The Barcelona Pavilion, was the German Pavilion for the 1929 International Exposition in Barcelona, Spain. It was designed by the German modernist architect, Ludwig Mies van der Rohe and was constructed in 1928 but demolished after the exposition in 1930. It is widely considered to successfully embody many of the ideas of early modernist architecture and such was the impact and importance of the pavilion on architectural history and theory, it was reconstructed to the original design on the same site from 1983-86.
Mies van der Rohe, in part expanding on ideas of neoplasticism originally developed by the Dutch De Stijl group, realised a supreme example of the free plan by supporting the dramatically cantilevered flat concrete roof on 8 cruciform steel columns. This freed the partitions to concentrate on the subdivision of space rather than performing the more usual perfunctory task of both subdivision and structural support. The resulting organisation of the partitions intends to achieve a blurring of the usual hard boundary between inside and outside, a technique often called the 'etherealisation' of architecture, further emphasised by the pleasing distribution of perpendicular planes which allow space to flow around them and the apparently 'floating' roof.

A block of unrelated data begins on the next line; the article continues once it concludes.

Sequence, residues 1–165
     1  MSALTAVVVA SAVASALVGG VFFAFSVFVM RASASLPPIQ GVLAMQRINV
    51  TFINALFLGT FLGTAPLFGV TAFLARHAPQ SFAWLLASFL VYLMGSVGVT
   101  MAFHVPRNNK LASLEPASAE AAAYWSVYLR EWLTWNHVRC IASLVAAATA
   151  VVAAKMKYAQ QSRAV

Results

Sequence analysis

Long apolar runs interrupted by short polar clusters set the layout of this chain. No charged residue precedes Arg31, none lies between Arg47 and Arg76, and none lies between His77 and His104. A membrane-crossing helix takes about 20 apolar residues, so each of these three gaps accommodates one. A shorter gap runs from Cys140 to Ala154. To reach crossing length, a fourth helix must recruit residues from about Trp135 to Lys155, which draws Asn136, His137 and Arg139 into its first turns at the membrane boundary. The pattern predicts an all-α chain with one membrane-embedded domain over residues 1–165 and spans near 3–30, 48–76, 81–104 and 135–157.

Entirely free from decoration, beauty is achieved through, the massing of the building, the exquisite minimalist detailing and selection of sumptous materials such as marble and travertine for their grain and texture. The building surmounts a raised platform and is located besides a large reflecting pool. A smaller building is located to one side of the pool at the other end of the platform.
The famous Barcelona chair was also designed by Mies specifically for the pavilion.